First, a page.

Meandering in God’s country: Sacred Treaties


The land and lakes around Thunder Bay are extraordinarily beautiful. I made many stops to photograph them. It really did feel like I was meandering in God’s country.

In the morning in Thunder Bay after my first night on this inferior jaunt to Superior, in the breakfast room of my hotel, I met a couple from Steinbach. It is a small world. They were also visiting to see the autumn colours. I met a nurse from North Vancouver who heard me complaining about hotel prices in Thunder Bay. She said if I could not find a place, I could bunk in with her. She was either the nicest or most naïve woman around, or perhaps she was overwhelmed with my good looks and charm. I later told Christiane she should be paying me more respect as I was obviously a very desirable man. She seemed entirely unimpressed.


Cuyler Cotton in the film Colonization Road had some interesting things to say about indigenous relations with settlers.  He said, “the lesson of the treaties is that we have a deal. We have a sacred agreement you and I, that we’re supposed to live here together in this place for as long as the waters run.”

It is also noteworthy that the treaties were hard bargained. The First Nations were shrewd negotiators. Some think they were in a weak position. If that is true, and I don’t think they were, they sure managed to bargain well. Both parties got a good deal. Sadly, one side, Canada, often did not live up to its bargain. It has not always been honourable. The honour of the crown has often been threadbare.

Those treaties were written in English, but also contained indigenous elements. They were only written in English because the First Nations had largely unwritten languages. But the treaties included things like a Wampum Belt. It is not a European custom to have such things in treaties.

For example, according to Palmater,  “the Treaty of Niagara wampum belt is a founding document of this country and should be treated as such.” This is what the Canadian Encyclopedia says about it:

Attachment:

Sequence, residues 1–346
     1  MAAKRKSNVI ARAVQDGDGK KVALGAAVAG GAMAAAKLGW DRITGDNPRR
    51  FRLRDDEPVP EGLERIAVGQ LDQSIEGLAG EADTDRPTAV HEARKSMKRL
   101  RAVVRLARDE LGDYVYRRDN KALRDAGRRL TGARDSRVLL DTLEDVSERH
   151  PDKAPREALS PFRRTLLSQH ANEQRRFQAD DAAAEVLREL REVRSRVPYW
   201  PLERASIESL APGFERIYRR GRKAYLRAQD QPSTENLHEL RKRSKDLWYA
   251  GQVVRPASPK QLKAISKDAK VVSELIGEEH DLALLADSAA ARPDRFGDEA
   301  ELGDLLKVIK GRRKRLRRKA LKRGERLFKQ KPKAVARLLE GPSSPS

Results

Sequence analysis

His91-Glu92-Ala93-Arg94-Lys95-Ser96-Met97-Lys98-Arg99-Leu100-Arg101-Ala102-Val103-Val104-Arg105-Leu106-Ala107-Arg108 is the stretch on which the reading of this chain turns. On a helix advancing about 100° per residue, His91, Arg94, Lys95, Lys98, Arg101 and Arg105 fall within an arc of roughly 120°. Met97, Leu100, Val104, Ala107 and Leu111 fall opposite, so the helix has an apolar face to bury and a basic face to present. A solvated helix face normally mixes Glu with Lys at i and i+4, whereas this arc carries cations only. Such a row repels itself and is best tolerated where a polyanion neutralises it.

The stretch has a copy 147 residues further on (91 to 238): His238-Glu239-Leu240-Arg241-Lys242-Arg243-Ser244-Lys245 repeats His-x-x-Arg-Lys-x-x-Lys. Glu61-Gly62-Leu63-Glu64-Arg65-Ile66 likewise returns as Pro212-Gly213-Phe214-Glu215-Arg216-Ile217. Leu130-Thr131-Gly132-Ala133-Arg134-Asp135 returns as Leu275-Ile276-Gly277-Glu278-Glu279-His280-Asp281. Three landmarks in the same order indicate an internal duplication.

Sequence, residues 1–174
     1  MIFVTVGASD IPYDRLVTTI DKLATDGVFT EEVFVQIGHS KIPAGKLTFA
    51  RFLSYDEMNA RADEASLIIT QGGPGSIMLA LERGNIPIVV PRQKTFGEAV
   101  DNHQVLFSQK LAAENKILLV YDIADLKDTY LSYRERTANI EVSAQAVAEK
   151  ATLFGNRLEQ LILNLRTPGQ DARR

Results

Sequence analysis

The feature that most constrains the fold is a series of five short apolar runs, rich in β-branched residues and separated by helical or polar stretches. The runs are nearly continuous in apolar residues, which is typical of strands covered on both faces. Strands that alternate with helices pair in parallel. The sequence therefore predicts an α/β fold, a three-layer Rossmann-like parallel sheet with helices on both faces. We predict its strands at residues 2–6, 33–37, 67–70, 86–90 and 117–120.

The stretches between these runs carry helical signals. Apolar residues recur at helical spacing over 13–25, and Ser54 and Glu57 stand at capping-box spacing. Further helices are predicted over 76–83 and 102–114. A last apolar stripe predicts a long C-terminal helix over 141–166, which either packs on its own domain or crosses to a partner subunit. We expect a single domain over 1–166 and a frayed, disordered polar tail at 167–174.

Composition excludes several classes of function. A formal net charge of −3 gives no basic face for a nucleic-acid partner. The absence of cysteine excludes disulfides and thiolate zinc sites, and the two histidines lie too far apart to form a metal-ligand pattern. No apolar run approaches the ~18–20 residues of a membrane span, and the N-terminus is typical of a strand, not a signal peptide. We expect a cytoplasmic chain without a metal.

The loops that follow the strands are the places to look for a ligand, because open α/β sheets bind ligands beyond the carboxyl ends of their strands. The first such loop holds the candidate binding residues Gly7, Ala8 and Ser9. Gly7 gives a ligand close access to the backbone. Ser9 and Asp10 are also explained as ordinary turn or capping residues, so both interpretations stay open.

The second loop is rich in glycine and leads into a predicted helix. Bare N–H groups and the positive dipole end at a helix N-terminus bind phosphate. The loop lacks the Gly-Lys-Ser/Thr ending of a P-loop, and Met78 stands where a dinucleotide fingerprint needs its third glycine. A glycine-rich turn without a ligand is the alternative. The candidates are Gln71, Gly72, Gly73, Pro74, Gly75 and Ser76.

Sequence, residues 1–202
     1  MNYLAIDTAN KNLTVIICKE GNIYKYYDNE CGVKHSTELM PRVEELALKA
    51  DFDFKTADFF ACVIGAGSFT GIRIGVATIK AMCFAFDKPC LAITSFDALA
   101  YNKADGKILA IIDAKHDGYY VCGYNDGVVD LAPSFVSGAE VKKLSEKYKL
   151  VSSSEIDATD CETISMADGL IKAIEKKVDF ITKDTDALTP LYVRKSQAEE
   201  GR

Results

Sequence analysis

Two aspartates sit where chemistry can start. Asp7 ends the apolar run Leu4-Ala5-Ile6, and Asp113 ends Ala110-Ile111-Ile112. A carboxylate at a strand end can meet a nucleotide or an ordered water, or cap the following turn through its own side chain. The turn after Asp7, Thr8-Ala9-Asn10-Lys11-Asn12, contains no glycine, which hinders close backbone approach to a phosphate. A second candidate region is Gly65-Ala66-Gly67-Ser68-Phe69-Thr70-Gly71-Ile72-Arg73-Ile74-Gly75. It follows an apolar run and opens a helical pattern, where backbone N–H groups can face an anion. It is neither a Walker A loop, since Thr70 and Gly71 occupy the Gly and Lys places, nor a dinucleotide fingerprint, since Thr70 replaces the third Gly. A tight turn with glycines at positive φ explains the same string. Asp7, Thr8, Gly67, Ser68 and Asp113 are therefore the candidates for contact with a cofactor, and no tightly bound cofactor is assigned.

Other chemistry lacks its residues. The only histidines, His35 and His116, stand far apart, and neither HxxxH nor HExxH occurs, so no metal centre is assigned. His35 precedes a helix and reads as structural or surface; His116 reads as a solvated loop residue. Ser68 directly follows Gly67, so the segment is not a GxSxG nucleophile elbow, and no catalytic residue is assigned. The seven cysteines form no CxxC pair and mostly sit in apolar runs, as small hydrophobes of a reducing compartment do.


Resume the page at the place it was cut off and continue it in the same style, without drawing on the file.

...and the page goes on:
“In July and August 1764, sir William Johnson and approximately 2,000 people, representing approximately 24 First Nations, met at Niagara to discuss an “alliance with the English.” The discussion led to the acceptance of the Royal Proclamation of 1763. It also included one of the first land cessions under the Royal Proclamation’s protocols, a return of prisoners, and an accepted British presence in the Great Lakes area. The resulting treaty was recorded in wampum. In the contemporary era, the 1764 Treaty of Niagara is not recognized by the Canadian government but is seen as a foundational document by First Nations for all subsequent relations and treaties.”


When the English conquered New France in 1760, England realized it had to ensure a peaceful settlement with First Nations of the regions. It could not afford the ruinously expensive “Indian Wars” the Americans became engaged in. In 1763 the British built numerous forts throughout their newly acquired territory. England also signalled its “Indian policies” in the Royal Proclamation of 1763 and it instructed Sir William Johnson the superintendent of Indian Affairs for the northern colonies to establish peace with those first nations. He spread around the Royal Proclamation with wampum strings among First Nations from Nova Scotia to Hudson Bay and even to the Gulf of Mexico.

The Americans hated the Royal Proclamation  because it claimed that they could not acquire land east of the Mississippi except through the British Crown and this would hamper its expansionary desires. Some American elites like George Washington for example, amassed astonishing fortunes doing exactly that. Others wanted to do exactly the same thing. As a result, the Royal Proclamation was instrumental in leading to the War of Independence a few years later.

Johnson presented the Proclamation to the Haudenosaunee Confederacy in December of 1763 and called for a congress in Niagara in the summer of 1764.

As the Canadian Encyclopedia said,

“The First Nations who agreed to the Niagara Treaty fought as allies with the British in the American Revolution and the War of 1812. Indigenous involvement in both of these conflicts, particularly the latter, ensured British North America’s survival.”


As Assistant Professor Hayden King said, “First Nations saw the treaties as Nation to Nation.” Pam Palmater pointed out that “another really important thing about the Treaty of Niagara was that the Wampum belt was done by indigenous hands, with indigenous ceremony and indigenous intentions, and there is no misinterpretation about what that belt means.”

Niigaan Sinclair, Associate Professor of Native Studies at the University of Manitoba said, “the signing of the treaties made them family not friends.

As Heidi Bohaker said,

“In their [indigenous peoples’] world view, people were divided into one of two categories: relatives or strangers. There wasn’t any acquaintance category. So, if you were going to trade with somebody, if you were going to engage in any kind of alliance relationship they had to become relatives. And there are all kinds of ceremonies and protocols, a law, in other words for how you brought people in, and then what rights and obligations those people had.”


That is how the non-indigenous settlers became relatives with indigenous people. At first there was a lot of enthusiasm for this new relationship among people in North America. Later not so much.

Leave a Reply